Pakistani officials back Chinese vaccine amid doubt after PM tests positive for COVID-19 after 1st jab
Published: Mar 21, 2021 09:54 PM
A handover ceremony is held for the second batch of COVID-19 vaccines donated by the Chinese government at Noor Khan Air Base near Islamabad, capital of Pakistan, March 17, 2021.(Photo: Xinhua)

A handover ceremony is held for the second batch of COVID-19 vaccines donated by the Chinese government at Noor Khan Air Base near Islamabad, capital of Pakistan, March 17, 2021.(Photo: Xinhua)

Pakistani President and officials defended China's Sinopharm vaccine amid some doubt over the vaccine's efficacy after Prime Minister Imran Khan, who received a shot on Thursday, tested positive for COVID-19 two days later. 

Chinese experts backed Pakistani officials, saying Khan must have contracted the virus before vaccination, and that vaccines cannot be effective in such a short time after inoculation.

Khan's office confirmed the prime minister tested positive for COVID-19 on Saturday and has since self-isolated, two days after his first jab with the Sinopharm vaccine. Khan's infection raised questions over Chinese vaccines' effectiveness, which Pakistan health authorities and officials rebutted by listing the facts of Khan's infection. 

"Prime Minister Imran Khan was not fully vaccinated when he contracted the virus. He only got the first dose and merely two days ago which is too soon for ANY vaccine to become effective," the country's Ministry of National Health Services, Regulations and Coordination wrote in a statement on Saturday, shrugging off the rumors. It added that anti-bodies develop two-three weeks after the second dose of two-dose COVID-19 vaccines.

Arif Alvi, president of Pakistan, also voiced confidence in Chinese vaccines.  

"COVID-19 vaccination is a must. It is given in two doses [and] takes a few weeks to become effective. In most cases it is 100% effective [and] in remaining, severity of infection is greatly reduced which increases survival rate," the president wrote on Twitter on Sunday.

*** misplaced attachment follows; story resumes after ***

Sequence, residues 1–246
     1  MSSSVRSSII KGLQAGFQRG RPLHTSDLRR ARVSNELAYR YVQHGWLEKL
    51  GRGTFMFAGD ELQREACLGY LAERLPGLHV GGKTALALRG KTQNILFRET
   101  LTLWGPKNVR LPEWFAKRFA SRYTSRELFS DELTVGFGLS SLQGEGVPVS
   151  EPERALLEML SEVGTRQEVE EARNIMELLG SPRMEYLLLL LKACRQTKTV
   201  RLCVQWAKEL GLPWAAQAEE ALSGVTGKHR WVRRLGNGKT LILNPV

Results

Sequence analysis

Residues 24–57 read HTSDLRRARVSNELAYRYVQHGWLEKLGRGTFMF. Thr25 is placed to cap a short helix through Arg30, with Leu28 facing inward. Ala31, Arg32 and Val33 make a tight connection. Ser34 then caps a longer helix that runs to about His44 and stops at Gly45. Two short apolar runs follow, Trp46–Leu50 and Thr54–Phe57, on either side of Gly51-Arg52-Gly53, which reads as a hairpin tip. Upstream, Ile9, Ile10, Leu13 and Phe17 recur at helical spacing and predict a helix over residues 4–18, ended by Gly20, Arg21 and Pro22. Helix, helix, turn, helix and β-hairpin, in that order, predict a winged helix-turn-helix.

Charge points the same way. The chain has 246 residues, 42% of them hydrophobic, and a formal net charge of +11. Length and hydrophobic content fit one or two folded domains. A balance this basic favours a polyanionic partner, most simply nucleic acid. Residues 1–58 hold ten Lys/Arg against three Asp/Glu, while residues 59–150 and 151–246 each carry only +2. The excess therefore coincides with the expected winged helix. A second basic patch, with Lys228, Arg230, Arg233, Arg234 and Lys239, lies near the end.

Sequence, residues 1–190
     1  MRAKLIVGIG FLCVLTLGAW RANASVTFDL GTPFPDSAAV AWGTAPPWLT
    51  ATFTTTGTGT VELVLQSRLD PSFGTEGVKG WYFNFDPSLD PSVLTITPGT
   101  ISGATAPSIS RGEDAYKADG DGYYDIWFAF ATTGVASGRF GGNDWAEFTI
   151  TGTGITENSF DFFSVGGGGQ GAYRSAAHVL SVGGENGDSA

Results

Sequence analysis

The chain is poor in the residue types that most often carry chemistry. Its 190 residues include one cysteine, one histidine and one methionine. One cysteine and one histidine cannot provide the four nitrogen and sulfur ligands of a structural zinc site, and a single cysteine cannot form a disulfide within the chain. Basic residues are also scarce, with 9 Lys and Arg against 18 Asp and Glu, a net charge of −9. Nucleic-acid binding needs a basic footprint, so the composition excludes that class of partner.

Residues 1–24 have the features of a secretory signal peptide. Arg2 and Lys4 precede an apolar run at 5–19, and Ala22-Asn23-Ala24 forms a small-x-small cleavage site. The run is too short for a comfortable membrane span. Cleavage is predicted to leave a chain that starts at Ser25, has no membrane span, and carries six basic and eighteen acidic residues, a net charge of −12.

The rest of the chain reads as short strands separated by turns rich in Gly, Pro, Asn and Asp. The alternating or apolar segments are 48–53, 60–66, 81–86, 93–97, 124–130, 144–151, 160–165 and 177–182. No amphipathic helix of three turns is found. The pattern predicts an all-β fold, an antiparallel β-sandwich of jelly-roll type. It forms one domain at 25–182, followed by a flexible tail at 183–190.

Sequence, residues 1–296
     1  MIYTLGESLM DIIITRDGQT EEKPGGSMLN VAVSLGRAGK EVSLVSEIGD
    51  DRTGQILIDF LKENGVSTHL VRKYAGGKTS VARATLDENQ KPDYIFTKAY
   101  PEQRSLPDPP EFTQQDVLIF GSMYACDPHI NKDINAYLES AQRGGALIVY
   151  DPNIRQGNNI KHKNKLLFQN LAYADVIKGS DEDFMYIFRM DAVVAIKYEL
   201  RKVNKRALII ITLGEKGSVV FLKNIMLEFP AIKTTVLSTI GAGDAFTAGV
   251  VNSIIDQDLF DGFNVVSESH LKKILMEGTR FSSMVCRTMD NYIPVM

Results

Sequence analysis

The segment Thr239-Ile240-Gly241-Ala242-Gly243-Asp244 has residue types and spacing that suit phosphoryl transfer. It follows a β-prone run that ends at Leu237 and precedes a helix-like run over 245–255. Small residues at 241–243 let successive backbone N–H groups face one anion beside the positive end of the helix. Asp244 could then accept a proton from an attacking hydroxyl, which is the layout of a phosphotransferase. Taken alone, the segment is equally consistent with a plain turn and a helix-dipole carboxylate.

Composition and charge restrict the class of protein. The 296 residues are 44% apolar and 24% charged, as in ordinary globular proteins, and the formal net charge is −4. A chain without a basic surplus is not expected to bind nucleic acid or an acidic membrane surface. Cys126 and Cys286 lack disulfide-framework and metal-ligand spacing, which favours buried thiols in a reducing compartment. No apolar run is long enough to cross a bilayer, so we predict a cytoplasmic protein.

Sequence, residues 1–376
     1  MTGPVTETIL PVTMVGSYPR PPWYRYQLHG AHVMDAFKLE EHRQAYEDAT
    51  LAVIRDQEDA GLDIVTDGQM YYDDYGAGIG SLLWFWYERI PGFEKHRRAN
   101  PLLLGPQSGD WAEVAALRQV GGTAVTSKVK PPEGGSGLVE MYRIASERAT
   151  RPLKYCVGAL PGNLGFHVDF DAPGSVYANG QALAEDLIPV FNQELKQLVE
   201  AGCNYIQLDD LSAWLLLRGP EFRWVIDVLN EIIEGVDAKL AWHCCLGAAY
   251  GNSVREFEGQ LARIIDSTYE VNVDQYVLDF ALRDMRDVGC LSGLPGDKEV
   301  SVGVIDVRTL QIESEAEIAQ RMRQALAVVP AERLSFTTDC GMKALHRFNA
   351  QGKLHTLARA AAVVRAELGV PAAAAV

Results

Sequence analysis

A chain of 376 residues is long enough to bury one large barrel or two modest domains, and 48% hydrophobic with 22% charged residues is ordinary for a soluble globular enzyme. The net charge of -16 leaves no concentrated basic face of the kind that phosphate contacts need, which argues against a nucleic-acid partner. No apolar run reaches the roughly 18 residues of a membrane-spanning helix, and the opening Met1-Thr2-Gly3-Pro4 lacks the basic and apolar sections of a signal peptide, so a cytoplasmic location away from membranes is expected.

"Beware of those who create doubt, as they know not," Alvi warned his people regarding vaccine stigmatization. 

Alvi and his wife received Sinopharm vaccine shots on March 15. 

Asad Umar, chairman of the country's National Command and Operation Center (NCOC), said that Khan, 68, was vaccinated on Thursday evening and felt some signs of the disease on the next day, so "obviously he was infected before being vaccinated" because COVID-19 symptoms take a few days to manifest, the Xinhua News Agency reported.  

Chinese vaccine experts backed Umar's assertion. "It is safe to say that the PM's infection predated the vaccination and was a completely independent event," Tao Lina, a Shanghai-based vaccine expert told the Global Times on Sunday.

"The vaccine that Khan received is an inactivated vaccine and is not effective against an already infected organism," Tao said. "As of now, all of the listed COVID-19 vaccines lack sufficient clinical data to prove they can produce a blockade in those already infected."

Even assuming he was infected after the vaccination, it does not indicate that the vaccine was not effective enough, Tao said. 

"The vaccine could not have possibly developed a protective effect on the prime minister in two days, as current clinical data shows the vaccine takes a week or longer to become effective, depending on the individual recipient." Tao added that mass vaccination should continue to be promoted. 

Pakistan has seen a sharp rise in COVID-19 cases in the past few weeks. According to figures released by the Ministry of National Health Services on Sunday, the country registered 3,667 COVID-19 infections in the past 24 hours, bringing the total to 626,802. 

Currently, Sinopharm is the only vaccine available in the country. Pakistan received another 500,000 doses of Sinopharm vaccine on Wednesday, after the first batch of half a million sent from China arrived on February 1.